Feb 8, 2019

Axios Login

Situational awareness: Sprint has filed a lawsuit against AT&T for what it's calling "fake 5G" marketing, the Washington Post reports.

Plus, a reminder: In a world filled with complexifiers, Login is here to make things simple for you.

1 big thing: Silicon Valley is ready for its closeup

Illustration: Aïda Amer/Axios

A giant book deal for two New York Times journalists based on an investigation of Facebook's privacy scandals portends a new era of brutal scrutiny for Silicon Valley's giants, Axios' David McCabe and Kia Kokalitcheva write.

Why it matters: The intense focus on tech companies' troubles comes not just from policymakers and investigative reporters, but also from our culture's storytellers in New York and Hollywood — book publishers, TV producers, and movie directors. And unlike their past infatuations with the tech world, this time they're taking a much tougher view.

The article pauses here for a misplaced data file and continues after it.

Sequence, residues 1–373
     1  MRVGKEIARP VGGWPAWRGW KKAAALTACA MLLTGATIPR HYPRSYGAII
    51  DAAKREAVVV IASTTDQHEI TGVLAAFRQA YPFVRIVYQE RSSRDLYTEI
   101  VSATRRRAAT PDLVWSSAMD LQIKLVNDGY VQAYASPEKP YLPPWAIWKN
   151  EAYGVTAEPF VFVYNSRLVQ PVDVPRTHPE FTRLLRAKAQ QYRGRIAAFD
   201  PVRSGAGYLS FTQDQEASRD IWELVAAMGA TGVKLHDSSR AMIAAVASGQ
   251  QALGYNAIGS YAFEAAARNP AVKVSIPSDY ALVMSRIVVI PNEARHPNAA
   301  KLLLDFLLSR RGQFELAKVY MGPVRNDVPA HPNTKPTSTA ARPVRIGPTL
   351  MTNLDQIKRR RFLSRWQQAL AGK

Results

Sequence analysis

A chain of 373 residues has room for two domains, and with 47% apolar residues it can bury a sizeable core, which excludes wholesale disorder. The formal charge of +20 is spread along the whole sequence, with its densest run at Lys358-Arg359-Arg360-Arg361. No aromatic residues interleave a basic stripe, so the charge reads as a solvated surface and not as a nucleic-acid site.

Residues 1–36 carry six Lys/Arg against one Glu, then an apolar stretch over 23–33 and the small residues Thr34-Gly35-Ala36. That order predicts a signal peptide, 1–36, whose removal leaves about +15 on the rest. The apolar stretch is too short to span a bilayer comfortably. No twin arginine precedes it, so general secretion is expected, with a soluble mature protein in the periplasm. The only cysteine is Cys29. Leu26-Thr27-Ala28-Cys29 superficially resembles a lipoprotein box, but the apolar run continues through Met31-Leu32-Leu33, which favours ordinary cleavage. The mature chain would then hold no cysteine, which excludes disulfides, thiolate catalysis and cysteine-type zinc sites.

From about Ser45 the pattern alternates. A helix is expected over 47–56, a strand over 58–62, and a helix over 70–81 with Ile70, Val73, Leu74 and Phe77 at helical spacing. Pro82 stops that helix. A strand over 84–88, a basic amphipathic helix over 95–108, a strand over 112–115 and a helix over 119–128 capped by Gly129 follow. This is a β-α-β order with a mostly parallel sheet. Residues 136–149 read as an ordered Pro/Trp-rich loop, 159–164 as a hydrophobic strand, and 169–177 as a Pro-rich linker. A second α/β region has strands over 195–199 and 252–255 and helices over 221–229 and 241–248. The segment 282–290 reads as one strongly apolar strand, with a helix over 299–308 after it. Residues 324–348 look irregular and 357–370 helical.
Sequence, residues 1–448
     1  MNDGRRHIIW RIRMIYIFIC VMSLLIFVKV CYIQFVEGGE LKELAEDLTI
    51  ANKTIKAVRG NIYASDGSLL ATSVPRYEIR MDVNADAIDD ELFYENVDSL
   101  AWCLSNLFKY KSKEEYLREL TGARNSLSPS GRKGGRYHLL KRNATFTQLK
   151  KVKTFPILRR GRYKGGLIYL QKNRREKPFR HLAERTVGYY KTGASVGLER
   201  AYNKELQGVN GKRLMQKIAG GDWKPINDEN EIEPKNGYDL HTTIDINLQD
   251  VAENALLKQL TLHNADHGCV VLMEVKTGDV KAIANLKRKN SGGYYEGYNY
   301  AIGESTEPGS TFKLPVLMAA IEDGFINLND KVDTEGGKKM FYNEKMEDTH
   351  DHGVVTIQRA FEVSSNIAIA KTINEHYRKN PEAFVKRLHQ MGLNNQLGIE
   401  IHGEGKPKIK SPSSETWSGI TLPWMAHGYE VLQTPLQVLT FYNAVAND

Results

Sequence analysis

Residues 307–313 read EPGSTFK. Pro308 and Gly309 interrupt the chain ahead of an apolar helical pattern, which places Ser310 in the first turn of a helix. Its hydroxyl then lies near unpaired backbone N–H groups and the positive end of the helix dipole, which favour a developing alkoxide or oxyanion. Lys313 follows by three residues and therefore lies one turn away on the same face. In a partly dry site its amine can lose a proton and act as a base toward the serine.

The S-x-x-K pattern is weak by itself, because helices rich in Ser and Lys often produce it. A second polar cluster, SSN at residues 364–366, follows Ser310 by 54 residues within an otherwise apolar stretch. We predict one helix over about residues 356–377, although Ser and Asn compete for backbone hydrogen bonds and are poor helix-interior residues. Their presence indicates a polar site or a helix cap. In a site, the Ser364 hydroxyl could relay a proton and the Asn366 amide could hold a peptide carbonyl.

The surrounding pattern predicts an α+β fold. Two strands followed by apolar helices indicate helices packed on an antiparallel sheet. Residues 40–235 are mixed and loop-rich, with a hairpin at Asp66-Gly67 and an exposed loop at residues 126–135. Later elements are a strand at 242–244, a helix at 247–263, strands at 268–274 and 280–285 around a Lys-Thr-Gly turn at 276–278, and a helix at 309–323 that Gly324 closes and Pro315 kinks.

What's happening: The new book from NYT reporters Cecilia Kang and Sheera Frenkel, which sold to HarperCollins, will "expand upon their bombshell investigative piece" about Facebook's "delay, deny and deflect" response to its scandals, the publisher said Wednesday. (Film and TV rights haven't been sold for the book.)

The big picture: There's more concern than ever about the power of Big Tech companies — and an interest in stories that expose their influence.

Other books from reporters covering the industry are coming fast and furious:

  • The NYT's Mike Isaac is set to publish a book about Uber, sparked by his reporting on the company's turbulent recent years.
  • Bloomberg's Sarah Frier is at work on a book about Instagram, tentatively entitled "No Filter."
  • Wall Street Journal's Tim Higgins has a book underway about Elon Musk's Tesla, the latest in a series of books about the carmaker and its larger-than-life CEO.

Then, there are the tell-alls.

  • Facebook investor Roger McNamee just published "Zucked," a winding reflection on how the social giant had lost its way.
  • Jessica Powell, who used to lead Google's communications team, wrote a "satirical novel based on my experience working at both a startup and one of the biggest tech companies in the world" called "The Big Disruption."
  • Yes, but: It's still less common for exposés to be written by tech insiders, given that there are many financial incentives to keeping their jobs and status in the Valley. "The code of silence is still there," said Antonio García Martínez, author of the 2016 life-at-Facebook memoir "Chaos Monkeys."